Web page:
Wireframe of data in Smart Buildings with IWMS

Expanding an IWMS with smart building technology

The second blog in a three-part series around the evolution of systems that today are known as Integrated Workplace Management Systems (IWMS). In the first blog, I reflected on the early days of Computer Aided Facility Management (CAFM) and Integrated Workplace Management Systems (IWMS), and on my first personal experience with these applications.

In this blog, we’ll discuss the growth of these systems, how the facility management and real estate management industry has seen beneficial growth, and the influences behind the rise of smart building technology.

Integrated Workplace Management Solutions, a continued evolution

As mentioned in our previous blog, the term “IWMS” was introduced by Gartner in 2004, when Michael Bell produced the first IWMS report. He noticed that a “clear transition from point solutions to enterprise suites characterizes the predominant trend in the market.”

The first generation IWMS focused on providing integrated solutions for real estate and lease management, facilities and space management, maintenance management, as well as project management and sustainability – domains that had a direct relationship with workplace management.

The definition of an IWMS according to Gartner

IWMS was characterized by Gartner as “an enterprise-class software platform that integrates 5 key components of functionality, operated from a single technology platform and database repository.” Not every IWMS on the market provided solutions for all these domains in the early days, but suppliers were innovating quickly and developed mature solutions in the following years.

The evolution of IWMS was influenced by many developments and innovations in other areas, such as economics, technology, and globalization. Rapid advancements in technology played an important role. Delivery models shifted from perpetual licensing to Software as a Service (Saas) and deployment moved from On-Premise to the Cloud. This resulted in improved availability, better functionality, and the possibility of lower total cost of ownership (TCO) for customers. The rapid innovations in mobile technology over the last two decades have also influenced IWMS.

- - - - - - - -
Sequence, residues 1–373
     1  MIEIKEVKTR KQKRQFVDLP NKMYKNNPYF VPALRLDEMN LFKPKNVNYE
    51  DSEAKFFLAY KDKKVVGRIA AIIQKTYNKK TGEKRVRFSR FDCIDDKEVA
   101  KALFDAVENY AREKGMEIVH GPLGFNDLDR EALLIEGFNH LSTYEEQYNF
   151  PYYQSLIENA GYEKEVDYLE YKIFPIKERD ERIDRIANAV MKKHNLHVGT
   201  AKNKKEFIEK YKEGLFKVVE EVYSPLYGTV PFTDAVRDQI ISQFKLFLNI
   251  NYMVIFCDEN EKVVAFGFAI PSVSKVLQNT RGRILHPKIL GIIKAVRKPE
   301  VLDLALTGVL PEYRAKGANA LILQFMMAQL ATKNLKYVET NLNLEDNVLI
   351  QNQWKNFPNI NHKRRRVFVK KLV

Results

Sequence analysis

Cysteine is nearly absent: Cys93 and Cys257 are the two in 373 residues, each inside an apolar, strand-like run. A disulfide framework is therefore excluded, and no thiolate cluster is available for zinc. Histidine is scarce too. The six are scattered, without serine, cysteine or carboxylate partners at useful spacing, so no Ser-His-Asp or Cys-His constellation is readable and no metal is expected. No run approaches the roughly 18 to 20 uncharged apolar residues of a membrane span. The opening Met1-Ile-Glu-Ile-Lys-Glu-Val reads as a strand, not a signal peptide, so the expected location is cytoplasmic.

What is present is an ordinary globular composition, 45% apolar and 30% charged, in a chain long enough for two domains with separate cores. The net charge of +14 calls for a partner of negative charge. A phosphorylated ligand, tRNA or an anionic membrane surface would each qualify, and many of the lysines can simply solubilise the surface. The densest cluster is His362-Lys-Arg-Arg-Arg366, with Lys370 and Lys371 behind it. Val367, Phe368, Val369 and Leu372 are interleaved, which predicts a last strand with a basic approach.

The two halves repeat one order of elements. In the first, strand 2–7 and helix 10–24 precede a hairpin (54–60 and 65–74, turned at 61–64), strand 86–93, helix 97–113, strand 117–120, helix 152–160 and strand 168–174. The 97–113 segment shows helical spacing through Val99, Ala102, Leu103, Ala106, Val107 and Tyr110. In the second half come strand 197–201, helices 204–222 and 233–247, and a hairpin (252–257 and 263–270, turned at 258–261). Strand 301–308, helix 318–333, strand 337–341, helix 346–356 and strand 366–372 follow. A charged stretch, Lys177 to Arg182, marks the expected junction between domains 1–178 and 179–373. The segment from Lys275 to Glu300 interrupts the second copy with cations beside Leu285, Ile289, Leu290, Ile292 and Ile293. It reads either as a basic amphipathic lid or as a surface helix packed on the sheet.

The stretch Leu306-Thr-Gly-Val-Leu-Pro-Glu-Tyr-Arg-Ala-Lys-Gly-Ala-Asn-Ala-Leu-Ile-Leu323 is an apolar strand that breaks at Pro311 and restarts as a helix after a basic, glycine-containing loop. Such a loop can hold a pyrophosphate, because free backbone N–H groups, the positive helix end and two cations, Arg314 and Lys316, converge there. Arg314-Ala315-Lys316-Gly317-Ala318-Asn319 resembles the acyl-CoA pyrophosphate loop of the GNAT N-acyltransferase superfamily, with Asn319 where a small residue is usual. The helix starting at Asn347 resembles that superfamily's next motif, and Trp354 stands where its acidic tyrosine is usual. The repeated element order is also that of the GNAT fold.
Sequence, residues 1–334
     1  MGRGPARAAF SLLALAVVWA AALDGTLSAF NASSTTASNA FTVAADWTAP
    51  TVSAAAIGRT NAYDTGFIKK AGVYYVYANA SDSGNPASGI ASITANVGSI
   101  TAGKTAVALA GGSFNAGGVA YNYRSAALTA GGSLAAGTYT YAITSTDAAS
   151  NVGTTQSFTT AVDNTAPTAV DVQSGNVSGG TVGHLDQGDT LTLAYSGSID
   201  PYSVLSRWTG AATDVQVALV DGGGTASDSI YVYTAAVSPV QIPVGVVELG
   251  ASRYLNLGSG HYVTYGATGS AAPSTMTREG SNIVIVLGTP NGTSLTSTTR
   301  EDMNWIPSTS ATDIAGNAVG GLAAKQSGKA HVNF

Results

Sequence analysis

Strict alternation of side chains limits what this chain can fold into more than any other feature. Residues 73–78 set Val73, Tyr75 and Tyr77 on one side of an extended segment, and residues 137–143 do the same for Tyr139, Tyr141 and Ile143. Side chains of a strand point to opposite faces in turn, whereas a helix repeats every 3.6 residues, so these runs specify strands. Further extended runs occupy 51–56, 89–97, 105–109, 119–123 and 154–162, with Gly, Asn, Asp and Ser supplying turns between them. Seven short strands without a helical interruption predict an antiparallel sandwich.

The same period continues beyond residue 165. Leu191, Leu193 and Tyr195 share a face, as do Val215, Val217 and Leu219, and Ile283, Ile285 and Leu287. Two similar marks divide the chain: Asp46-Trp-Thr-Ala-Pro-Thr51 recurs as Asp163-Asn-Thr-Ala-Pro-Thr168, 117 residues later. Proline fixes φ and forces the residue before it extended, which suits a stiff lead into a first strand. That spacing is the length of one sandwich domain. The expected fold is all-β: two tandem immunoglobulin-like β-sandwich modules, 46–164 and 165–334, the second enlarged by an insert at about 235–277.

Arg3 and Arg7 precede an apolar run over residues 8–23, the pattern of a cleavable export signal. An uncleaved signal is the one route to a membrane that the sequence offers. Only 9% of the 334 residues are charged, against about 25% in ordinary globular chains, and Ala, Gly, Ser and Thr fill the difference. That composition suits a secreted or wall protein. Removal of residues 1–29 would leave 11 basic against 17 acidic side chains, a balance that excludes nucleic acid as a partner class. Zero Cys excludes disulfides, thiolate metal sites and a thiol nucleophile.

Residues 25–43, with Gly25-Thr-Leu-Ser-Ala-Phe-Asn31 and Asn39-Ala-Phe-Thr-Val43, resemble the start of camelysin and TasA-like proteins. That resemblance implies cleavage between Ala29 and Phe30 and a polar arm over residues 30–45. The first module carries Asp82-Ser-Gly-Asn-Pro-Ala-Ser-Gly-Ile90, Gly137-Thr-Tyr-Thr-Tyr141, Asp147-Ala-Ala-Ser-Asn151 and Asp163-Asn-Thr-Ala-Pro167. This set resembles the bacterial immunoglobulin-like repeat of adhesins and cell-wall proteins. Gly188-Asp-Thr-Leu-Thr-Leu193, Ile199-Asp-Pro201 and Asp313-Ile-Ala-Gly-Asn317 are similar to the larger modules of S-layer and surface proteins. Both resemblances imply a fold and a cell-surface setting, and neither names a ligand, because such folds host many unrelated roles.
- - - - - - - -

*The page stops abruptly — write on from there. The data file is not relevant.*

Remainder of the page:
The use of mobile devices in combination with IWMS have grown quickly and made the technology more accessible. End users started using their mobile device to add requests or book meeting rooms while technicians used mobile devices to handle tickets. Processes were executed more efficiently with potential cost reductions and increased customer satisfaction. IWMS vendors started developing out of the box solutions based on market standards and best practices, which helped customers to implement their solutions faster. Integration and real-time interfacing with other systems like ERP or HR became easier through Service Oriented Architecture (SOA), where accurate information from all required sources was centrally available in the IWMS.

More recently, the IWMS market has seen further transformation. Specific solutions or configurations became available for specific market segments. Good examples are IWMS based solutions for Service Providers, lease accounting compliant solutions for large corporations that have to be IFRS compliant or out of the box configurations for higher education concerning campus management. Over the coming years we will see this trend continue, with more solutions for specific markets and industries, and regional differentiation based on local requirements.

IWMS and smart building technology

The evolution in workplace management also played an important role in the development of IWMS. Innovative and flexible workplace concepts were implemented to support ‘a new agile way of working’. Reduction of cost and carbon footprint, as well as increasing employee engagement and customer satisfaction, were important drivers for optimizing space utilization.

Organizations wanted to measure their space utilization in real-time and the first solutions based on integration between sensor technology and IWMS were developed. By making sensor measurement data on space occupancy available in an IWMS, organizations were able to get immediate insight into their actual space occupancy, both workspaces and meeting rooms – allowing them to optimize the usage and generate benefits around cost reduction, sustainability, and customer satisfaction.

The growth of sensor technology over the last few years has been an important step in the evolution of smart building technology. Sensor technology is not only used for measuring space occupancy but also, for example, measuring air quality, asset faults, energy consumption or even customer satisfaction. These sensors are part of a network of connected physical devices, assets, appliances and other items embedded within electronics and software, with connectivity that enables these objects to exchange data. The Internet of Things (IoT), was an important technological development that is now having a transformational effect on smart building technology.

In the third and final blog of this series, I will talk more about the impact of IWMS on smart building technology, and what this could mean for RE & FM professionals.

Portrait of Geert van Offeren, Planon business consultant.

Geert van Offeren

Former Strategic Business Consultant at Planon

Geert van Offeren is a seasoned professional with expertise in strategic business consulting, program management, and global product marketing, and was part of the Planon team from 2006 to 2020. With a background in facilities management and information systems, Geert has a wealth of experience implementing software solutions and optimizing processes for various organizations, particularly in the governmental sector.

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